Srila Rupa Gosvami appeared in 1489 in Karnataka, South India. He was the younger brother of Srila Sanatana Gosvami.

Forced by various circumstances, Srila Rupa Gosvami and Sanatana Gosvami had to work for the Muslim government of Bengal under Nawab Hussein Shah. Rupa Gosvami was then known by the Muslim name Dabir Khas ("private secretary"). Although he enjoyed great wealth and prestige, he never forgot Lord Sri Krsna. Even before meeting Sri Caitanya Mahaprabhu, Rupa Gosvami had already written several books on Vedic philosophy and was renowned for his learning and devotion.

In 1514, Rupa and Sanatana met Sri Caitanya Mahaprabhu for the first time and were initiated by Him. Rupa left government service and spent ten days hearing from Sri Caitanya Mahaprabhu the philosophy of Krsna consciousness. Sri Caitanya then ordered Rupa Gosvami to go Vrndavana with a fourfold mission: (1) to uncover the lost sites of Lord Krsna's pastimes, (2) to install Deities of the Lord and arrange for Their worship, (3) to write books on Krsna consciousness, and (4) to teach the rules of devotional life.

At first Rupa Gosvami felt great difficulty carrying out the desire of Lord Caitanya. But one day, while Rupa was sitting on the bank of the Yamuna River contemplating his mission, a beautiful boy came to him and asked the cause of his despondency. Rupa Gosvami explained. The boy then led him to a small hill.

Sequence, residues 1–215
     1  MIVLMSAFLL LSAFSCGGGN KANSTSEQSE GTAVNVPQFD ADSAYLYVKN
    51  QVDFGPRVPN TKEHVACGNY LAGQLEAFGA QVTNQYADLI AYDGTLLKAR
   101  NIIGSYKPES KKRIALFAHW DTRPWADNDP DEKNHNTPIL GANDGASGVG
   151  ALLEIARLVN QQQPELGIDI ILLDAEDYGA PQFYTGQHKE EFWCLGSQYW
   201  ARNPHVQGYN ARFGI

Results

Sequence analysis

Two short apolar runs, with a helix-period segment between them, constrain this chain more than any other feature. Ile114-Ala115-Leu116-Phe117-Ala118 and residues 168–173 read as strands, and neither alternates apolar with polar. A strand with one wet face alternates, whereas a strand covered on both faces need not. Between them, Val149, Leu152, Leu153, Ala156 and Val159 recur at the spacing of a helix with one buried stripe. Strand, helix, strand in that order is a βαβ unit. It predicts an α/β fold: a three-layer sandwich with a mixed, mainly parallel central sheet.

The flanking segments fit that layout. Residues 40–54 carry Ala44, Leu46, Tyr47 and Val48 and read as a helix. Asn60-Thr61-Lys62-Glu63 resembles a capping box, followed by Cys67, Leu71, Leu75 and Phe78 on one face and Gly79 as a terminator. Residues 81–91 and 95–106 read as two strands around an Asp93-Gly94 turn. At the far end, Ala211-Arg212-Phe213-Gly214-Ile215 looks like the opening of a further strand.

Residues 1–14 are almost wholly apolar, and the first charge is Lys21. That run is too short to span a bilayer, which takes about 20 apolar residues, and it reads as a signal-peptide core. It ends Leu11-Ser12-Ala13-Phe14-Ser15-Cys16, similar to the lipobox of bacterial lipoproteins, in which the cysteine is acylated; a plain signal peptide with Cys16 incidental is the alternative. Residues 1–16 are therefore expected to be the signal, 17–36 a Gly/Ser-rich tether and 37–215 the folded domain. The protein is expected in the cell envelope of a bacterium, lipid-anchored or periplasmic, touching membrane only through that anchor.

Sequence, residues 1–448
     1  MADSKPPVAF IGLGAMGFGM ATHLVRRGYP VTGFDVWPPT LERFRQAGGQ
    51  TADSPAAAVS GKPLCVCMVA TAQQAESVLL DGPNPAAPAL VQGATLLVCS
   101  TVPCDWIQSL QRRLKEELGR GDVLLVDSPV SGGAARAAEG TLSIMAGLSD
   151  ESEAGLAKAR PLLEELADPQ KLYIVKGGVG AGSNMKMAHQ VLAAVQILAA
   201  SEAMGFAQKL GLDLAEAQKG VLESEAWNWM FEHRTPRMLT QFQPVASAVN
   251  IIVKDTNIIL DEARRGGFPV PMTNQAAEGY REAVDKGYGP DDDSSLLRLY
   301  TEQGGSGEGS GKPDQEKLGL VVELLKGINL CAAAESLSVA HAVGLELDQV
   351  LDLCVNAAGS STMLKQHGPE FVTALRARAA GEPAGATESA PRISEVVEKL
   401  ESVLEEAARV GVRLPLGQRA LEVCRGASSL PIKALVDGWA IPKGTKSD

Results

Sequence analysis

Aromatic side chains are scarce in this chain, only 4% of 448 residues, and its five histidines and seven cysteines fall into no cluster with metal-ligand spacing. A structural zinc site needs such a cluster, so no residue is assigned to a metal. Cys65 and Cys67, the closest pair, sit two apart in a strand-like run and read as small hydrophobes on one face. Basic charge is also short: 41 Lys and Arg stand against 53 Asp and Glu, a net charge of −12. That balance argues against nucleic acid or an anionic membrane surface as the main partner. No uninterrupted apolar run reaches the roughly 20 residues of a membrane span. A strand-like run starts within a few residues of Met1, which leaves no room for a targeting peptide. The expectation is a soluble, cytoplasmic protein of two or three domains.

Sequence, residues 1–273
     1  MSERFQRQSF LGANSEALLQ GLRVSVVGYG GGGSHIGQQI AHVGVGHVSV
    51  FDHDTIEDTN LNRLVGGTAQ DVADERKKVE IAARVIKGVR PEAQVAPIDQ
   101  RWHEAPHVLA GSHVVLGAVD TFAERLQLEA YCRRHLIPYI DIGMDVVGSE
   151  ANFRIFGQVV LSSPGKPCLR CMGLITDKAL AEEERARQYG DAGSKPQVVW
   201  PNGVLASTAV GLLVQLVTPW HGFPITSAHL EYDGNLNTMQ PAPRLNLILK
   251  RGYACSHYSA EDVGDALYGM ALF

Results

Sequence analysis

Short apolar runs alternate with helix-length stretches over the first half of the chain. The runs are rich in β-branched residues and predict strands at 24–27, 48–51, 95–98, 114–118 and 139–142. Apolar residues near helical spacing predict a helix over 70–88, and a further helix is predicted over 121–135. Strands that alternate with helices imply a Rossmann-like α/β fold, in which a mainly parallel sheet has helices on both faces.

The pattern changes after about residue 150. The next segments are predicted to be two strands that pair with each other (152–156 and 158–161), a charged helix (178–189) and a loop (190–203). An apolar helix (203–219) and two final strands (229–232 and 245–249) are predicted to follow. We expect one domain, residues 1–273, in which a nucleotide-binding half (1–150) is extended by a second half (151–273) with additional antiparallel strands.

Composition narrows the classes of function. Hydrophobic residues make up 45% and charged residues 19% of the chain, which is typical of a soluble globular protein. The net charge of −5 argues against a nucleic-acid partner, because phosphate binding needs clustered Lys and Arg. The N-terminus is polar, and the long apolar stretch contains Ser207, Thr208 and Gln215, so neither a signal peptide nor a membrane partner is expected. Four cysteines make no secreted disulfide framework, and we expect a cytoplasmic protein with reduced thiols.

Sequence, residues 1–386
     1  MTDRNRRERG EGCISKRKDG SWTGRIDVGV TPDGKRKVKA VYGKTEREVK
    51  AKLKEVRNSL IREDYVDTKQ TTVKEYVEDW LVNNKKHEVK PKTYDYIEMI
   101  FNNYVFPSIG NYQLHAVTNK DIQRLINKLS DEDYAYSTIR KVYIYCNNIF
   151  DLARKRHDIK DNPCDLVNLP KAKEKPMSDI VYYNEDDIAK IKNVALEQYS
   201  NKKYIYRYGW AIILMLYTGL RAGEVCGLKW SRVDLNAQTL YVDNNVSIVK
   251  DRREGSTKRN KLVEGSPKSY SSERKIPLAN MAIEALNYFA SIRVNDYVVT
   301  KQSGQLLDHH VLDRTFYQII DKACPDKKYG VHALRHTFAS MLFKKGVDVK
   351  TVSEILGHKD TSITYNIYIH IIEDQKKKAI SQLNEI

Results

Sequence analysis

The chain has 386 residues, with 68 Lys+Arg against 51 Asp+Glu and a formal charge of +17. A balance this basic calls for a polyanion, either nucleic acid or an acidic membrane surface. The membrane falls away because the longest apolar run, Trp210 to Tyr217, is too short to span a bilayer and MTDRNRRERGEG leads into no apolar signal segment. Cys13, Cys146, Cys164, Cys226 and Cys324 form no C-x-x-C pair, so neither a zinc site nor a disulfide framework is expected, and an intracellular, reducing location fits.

"Inside this hill," said the boy, "is the beautiful Deity Govindadeva." He said that the Deity had been buried to protect Him during a Muslim invasion.

The next day Rupa Gosvami led a group of villagers to the site and had them excavate the hill. The Deity Govinda was unearthed. Rupa Gosvami then had a magnificent temple constructed under the patronage of Emperor Akbar and Maharaja Man Singh of Amber, Rajasthan.

Rupa Gosvami fulfilled all four parts of the mission given to him by Lord Caitanya, including writing many books on Krsna consciousness. He passed away in 1564. Devotees pay respects to him by visiting his samadhi, or memorial tomb, in the courtyard of the Radha-Damodara temple in Vrndavana.

Research by Syamasundari Dasi, Girls Vaisnava Academy, Alachua, Florida.